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Grilled eggplant Parmesan has all the appeal of its fried kin

Do you have an Italian grandmother? Neither do I. My abuelita is Nicaraguan, and she makes fantastic arroz aguado and sopa de frijoles. I'll tell you about it some time.

But the latest issue of Food & Wine is all about Italian food and Mario Batali is the guest editor. When Danny came home the other night with a pastamaker and ravioli attachment, I bookmarked several pasta dishes. And then … a picture of what looked like eggplant nachos distracted me long enough to change my direction.

This Grilled Eggplant Parmesan is better than nachos. Charred slices of eggplant and tomato are stacked between layers of cheese. Fontina cheese does the job though we used fontal, a younger, creamier version we found at Whole Foods.

Grace Parisi offers this and other recipes in a feature called The 45-Minute Nonna. Her nonna is from Calabria, at the sole of Italy's boot. Parisi updates her grandma's recipes to make lighter and quicker versions.

I couldn't find Calabrian chiles packed in oil, so we used hot cherry peppers, and the original recipe calls for peeling off the skin of the eggplant. I did not.

There is one other slight variation I may try next time: bread crumbs. Scooping up the melded-together vegetables and melted cheese is great with crusty bread, but I suspect no one would mind a light layer of crunchy bread crumbs on top.

Several things about this recipe won me over. It's straightforward. It's beautifully arranged into a patterned square with alternating pops of red from the tomato and blackened purple edges of eggplant. Serve a slice with the crispier edges to someone you really like.

If you find yourself flipping through Food & Wine's Italian issue, you may be tempted to skip ahead to the beet gnocchi with walnut-sage butter or squid ink pasta. I recommend starting with humbler fare: the eggplant.

Ileana Morales is a writer who cooks in a small apartment kitchen in Tampa with boyfriend, Danny Valentine, an education reporter for the Tampa Bay Times. For more of their kitchen adventures, visit Ileana's blog, She can be reached at [email protected]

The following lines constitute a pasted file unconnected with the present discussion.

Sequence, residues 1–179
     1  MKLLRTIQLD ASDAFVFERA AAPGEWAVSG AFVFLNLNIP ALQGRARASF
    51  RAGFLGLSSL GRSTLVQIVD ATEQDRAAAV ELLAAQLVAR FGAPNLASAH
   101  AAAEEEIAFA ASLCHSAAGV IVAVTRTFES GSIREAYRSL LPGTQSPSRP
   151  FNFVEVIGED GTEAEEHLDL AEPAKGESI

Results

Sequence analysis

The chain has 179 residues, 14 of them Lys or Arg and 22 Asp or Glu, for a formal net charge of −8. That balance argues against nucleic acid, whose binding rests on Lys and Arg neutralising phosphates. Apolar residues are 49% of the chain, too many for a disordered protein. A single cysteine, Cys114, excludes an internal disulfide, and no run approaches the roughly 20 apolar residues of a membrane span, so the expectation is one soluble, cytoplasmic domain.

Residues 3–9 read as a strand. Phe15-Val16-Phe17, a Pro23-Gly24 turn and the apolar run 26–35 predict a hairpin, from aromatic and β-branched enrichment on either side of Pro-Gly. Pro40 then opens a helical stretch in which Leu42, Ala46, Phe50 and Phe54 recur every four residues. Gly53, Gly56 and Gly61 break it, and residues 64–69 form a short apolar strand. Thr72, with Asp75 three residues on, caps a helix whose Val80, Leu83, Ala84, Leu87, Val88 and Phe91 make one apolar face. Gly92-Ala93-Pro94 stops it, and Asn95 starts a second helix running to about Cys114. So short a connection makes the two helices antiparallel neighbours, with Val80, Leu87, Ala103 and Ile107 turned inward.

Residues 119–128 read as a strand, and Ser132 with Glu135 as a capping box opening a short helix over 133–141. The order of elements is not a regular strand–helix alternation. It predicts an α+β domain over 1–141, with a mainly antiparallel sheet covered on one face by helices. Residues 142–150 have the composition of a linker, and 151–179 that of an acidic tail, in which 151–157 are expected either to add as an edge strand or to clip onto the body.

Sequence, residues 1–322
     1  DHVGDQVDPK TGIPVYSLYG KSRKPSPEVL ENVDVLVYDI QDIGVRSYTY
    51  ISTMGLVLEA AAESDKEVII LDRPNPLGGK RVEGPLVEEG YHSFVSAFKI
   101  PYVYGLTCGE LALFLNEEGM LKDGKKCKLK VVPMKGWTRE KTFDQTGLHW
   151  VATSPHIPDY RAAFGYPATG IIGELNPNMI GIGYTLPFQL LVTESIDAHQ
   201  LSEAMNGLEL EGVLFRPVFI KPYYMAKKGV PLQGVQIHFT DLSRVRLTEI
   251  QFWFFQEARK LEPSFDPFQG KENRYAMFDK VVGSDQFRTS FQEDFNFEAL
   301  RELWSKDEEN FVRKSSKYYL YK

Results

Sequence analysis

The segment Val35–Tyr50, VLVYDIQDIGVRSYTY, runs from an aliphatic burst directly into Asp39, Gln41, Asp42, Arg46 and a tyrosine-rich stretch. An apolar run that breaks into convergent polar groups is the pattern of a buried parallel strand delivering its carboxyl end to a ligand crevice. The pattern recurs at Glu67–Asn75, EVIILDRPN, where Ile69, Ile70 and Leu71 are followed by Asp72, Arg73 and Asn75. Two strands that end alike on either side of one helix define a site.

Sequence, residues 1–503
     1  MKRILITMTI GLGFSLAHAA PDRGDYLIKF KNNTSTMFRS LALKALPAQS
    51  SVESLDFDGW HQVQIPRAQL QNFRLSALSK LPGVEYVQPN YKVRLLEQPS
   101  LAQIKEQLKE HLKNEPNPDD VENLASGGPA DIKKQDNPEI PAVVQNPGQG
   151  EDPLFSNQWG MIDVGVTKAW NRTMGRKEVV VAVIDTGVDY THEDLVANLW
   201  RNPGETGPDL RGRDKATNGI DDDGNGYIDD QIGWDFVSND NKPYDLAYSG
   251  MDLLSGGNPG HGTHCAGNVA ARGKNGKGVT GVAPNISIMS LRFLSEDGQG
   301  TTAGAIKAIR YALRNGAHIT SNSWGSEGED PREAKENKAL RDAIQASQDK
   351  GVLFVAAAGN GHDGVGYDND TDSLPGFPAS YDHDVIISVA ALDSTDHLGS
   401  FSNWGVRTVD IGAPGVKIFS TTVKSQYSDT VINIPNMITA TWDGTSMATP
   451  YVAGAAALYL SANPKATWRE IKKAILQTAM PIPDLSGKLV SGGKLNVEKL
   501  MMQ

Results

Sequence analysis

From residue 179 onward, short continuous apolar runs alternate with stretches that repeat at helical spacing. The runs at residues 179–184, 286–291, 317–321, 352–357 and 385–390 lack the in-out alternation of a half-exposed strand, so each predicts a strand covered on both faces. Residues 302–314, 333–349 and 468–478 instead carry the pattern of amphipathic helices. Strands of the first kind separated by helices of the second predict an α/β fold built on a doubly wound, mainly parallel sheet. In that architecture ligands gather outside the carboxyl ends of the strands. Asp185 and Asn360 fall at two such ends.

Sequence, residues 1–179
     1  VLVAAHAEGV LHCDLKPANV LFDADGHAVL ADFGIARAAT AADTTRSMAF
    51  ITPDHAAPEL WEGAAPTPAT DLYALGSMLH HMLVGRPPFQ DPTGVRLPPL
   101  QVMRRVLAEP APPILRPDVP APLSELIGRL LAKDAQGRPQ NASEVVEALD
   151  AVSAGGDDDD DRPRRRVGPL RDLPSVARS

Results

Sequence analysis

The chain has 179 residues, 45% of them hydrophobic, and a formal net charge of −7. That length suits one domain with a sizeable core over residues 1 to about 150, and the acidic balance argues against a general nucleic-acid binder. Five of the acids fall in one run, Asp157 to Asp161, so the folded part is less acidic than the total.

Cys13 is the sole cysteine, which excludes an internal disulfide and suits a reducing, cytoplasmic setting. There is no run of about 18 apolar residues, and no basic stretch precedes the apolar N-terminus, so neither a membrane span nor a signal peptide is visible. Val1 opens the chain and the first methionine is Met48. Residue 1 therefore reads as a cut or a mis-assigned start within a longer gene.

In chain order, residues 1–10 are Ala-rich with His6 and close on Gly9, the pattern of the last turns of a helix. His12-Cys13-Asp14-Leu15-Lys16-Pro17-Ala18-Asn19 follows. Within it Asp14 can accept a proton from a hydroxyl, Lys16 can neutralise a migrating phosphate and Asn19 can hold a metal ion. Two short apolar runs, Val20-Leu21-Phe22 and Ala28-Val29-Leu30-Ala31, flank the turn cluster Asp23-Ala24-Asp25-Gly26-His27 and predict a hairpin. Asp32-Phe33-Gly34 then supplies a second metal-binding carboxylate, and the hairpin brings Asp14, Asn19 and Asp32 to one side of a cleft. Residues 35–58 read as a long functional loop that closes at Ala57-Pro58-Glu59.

Grilled Eggplant Parmesan

This was created by Food & Wine as a lighter version of one Italian grandmother's eggplant Parmesan, which usually calls for frying the vegetable. Slices of tomato and eggplant are charred in a grill pan and layered with olives, cheese and fresh basil. It doesn't get much better.

1 large eggplant (1 ½ pounds), sliced crosswise into ¼-inch-thick rounds

4 large plum tomatoes, sliced crosswise into ¼-inch-thick rounds

Extra-virgin olive oil, for brushing


cup chopped green olives

1 to 2 tablespoons chopped oil-packed Calabrian chiles or other hot chiles (we used fresh hot cherry peppers)

¼ cup finely sliced basil, plus a few whole leaves for garnish

6 ounces fontina (or fontal) cheese, thinly sliced

Crusty bread, for serving

Heat the oven to 450 degrees. Heat a grill pan on the stove top over medium-high heat.

Brush the eggplant and tomato slices with olive oil and season lightly with salt. Grill the eggplant in batches in the hot pan until softened and lightly charred, about 2 minutes on each side. Set aside the separate slices on a clean cutting board or cooling rack. Grill the tomatoes until lightly charred, about 1 minute on each side. Set aside on another cutting board.

Combine the olives, chiles and sliced basil in a small bowl. Line a large baking sheet with parchment paper. In the center, arrange half the eggplant slices so they slightly overlap and form a 9-inch square. Top with half of the tomatoes, olive and chile mixture and fontina cheese. Repeat layering with remaining half of the ingredients. Make sure to end with the cheese.

Place in center of the oven and bake until the cheese is bubbling and golden, about 15 minutes. Let it rest for about 10 minutes. Garnish with fresh basil leaves and serve with crusty bread.

Serves 4.

Source: Food & Wine

Grilled eggplant Parmesan has all the appeal of its fried kin 04/16/13 [Last modified: Monday, April 15, 2013 5:15pm]
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